He was also a passionate Celtic supporter and often shared a room with Enda Bonner, Paddy Sweeney and his son, Jamie, when they travelled to Glasgow to cheer on their local hero.
Whatever about his height and hands, it’s Packie’s big heart which has endeared him to generations of football and non-football fans alike.
Last year, on the 25th anniversary of the 1990 Italia heroics, was a case in point. Packie spoke on the phone to Daniel Timofte, the Romanian footballer whose penalty he saved.
Timofte told Packie that he now owned a bar in his home town of Petrosani that he called 'Penalty' and Packie responded by saying that a friend of his in Donegal has a boat called 'Timofte'!
Significantly, he said to Timofte: “I'm sorry I saved the penalty, Daniel. It changed my life (for the better) but I hope it didn't change your life for the worse. I wish you well and hope life is good for you, it was great to speak to you at last.”
Timofte has had a hard time, and Packie’s remorse is genuine.
In his book, he remembers the 25th June 1990 all too vividly: “It’s now the final kick of the opening five for both teams and from a distance I can see Daniel Timofte of Steaua Bucharest making his way down from the centre circle.
The game had kicked off two hours and forty-two minutes ago and we’re still all out on the pitch waiting for the outcome He looks so ill at ease placing the ball down on the spot and when he steps back with every stride betraying his tension and moves to an acute angle to the right of me, I know where he’s going with the kick …
… but I have another trick up my sleeve. I can move slightly in one direction, hopefully to fool
Timofte, before I shift my feet quickly then spring in the opposite direction. There’s an art to this.
Don’t go too early and, at all times, keep your eye on the ball. So, here now, I have a plan – I have a technique – my confidence is high from getting so close to the other kicks and I sincerely feel it – this is the moment! I look into Timofte’s eyes – bless myself – look down at the placed ball – rebless myself! Daniel Timofte of Romania addresses the ball and begins his run-up. Here it comes. Here it comes. As soon as he hits it, I just know I am going to get to it. Certainly, it’s true that, in these decisive moments in life, everything appears to be in slow motion. In truth, it isn’t the greatest penalty, close to the post but only a metre off the ground and, crucially, without much pace to it. I spring to my right, feeling this huge gulp in my throat and then the immense satisfaction of the ball thudding off my gloves and away to safety. What follows is a moment of pure, unadulterated, raw emotion. A physical rush of blood to the head and the heart thumping within my chest so hard that I can feel it in my larynx. I’ve done it. Daniel Timofte has his hands on his head, pulling away at his hair in despair. I feel the vibrations of the entire country back in Ireland as they jump for joy!”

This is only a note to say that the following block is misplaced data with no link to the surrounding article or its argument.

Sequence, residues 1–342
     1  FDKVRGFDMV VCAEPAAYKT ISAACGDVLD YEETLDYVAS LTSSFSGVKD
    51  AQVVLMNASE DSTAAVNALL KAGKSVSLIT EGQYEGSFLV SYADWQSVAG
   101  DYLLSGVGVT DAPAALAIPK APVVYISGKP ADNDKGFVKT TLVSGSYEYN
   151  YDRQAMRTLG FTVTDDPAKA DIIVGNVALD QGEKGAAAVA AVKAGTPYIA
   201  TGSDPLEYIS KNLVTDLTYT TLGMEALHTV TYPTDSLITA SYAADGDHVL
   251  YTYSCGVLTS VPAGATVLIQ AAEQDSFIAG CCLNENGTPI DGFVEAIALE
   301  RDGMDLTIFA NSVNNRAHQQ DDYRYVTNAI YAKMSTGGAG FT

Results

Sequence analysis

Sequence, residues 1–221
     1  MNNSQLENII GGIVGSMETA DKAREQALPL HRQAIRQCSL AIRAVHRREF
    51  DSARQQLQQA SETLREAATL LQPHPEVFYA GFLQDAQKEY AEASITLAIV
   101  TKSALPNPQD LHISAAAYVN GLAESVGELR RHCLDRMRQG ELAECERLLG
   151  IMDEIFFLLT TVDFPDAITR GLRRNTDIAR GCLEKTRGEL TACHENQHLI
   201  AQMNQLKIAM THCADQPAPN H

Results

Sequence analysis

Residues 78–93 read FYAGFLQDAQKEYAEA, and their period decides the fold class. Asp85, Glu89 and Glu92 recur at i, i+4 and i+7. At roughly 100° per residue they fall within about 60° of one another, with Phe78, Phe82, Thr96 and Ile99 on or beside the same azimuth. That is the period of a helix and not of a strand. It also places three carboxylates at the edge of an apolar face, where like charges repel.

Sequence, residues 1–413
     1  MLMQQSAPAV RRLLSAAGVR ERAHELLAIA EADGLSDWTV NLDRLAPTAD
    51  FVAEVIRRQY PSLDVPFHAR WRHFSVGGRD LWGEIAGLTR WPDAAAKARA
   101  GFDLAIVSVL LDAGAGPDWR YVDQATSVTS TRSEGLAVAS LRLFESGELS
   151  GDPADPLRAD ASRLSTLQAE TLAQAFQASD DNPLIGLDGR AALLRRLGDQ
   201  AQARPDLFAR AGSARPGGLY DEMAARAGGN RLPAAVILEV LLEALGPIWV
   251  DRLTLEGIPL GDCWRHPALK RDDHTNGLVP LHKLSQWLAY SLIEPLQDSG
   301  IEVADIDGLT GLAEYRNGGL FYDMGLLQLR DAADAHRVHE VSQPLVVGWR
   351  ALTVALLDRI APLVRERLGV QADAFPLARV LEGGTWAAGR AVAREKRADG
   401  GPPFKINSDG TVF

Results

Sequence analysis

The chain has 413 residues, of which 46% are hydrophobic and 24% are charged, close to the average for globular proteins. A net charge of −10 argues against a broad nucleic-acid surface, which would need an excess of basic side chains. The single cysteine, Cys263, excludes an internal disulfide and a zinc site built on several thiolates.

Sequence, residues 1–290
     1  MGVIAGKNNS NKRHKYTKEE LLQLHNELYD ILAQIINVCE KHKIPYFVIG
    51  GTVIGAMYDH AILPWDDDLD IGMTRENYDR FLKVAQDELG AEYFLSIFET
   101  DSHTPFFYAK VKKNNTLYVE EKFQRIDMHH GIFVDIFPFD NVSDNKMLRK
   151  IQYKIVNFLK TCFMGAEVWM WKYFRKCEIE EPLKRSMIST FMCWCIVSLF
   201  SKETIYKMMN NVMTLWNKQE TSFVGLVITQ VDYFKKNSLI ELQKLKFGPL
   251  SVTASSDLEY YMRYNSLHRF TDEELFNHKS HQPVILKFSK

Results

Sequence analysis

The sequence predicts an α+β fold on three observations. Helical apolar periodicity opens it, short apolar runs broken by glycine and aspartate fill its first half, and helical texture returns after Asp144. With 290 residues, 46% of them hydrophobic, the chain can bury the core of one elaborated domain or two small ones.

Yes, we were all there and it will always be indelibly printed on our minds, but what has ensured that a great sportsman who could have basked and revelled in such glory is still the epitome of the ‘nice guy’ who can win? In a book full of colour and spectacle - Parkhead to Italy and beyond - chock-a-block with anecdote and humour, there is one passage which sums up the man who could wrestle seals off Dooey. It is 1978: “I made my way down the road and around the corner. Down below the house and yet, in close proximity, was the garage, door open, despite the cold, lights on, and within was my father – the ol’ fella – working with his hands, as usual. There was no manual task that was beyond Andrew Bonner and his devotion to a job well done was absolute but now he was peering out into the gloom at the tall figure ambling around the hill. Against the backdrop of the evening, it could only be a silhouette to him and yet, quietly, he laid down his tools and started out towards me. I hadn’t told my parents that I would be coming home that Christmas but, at eighteen, I was third-choice goalkeeper and I had been allowed back home to Ireland for the festive period. The ol’ fella reached me and we embraced warmly before he led me back up to the house. It was a moment, a very special moment, and I will assuredly take it with me to the grave. I was Packie Bonner of the Celtic and I had come home, home to Donegal, in December 1978 for Christmas. Memories like that are important. Important in the sense that they remind you of your roots. There is nowhere you can travel in this world without knowing that you can return home and the crystal-clear memory of that Christmas always takes me home. Back to where I was reared. And back to where I was hewn into the man that I could and would become. It’s not the Donegal way to bask in glory. That can be a self aggrandising act and I sometimes found it difficult to deal with the number of people who, in the oddest of situations and the most inappropriate times, would come up to me just to relive an occasion that meant a very great deal to them. I had been brought up with four pillars of support from my parents that have guided me throughout my life: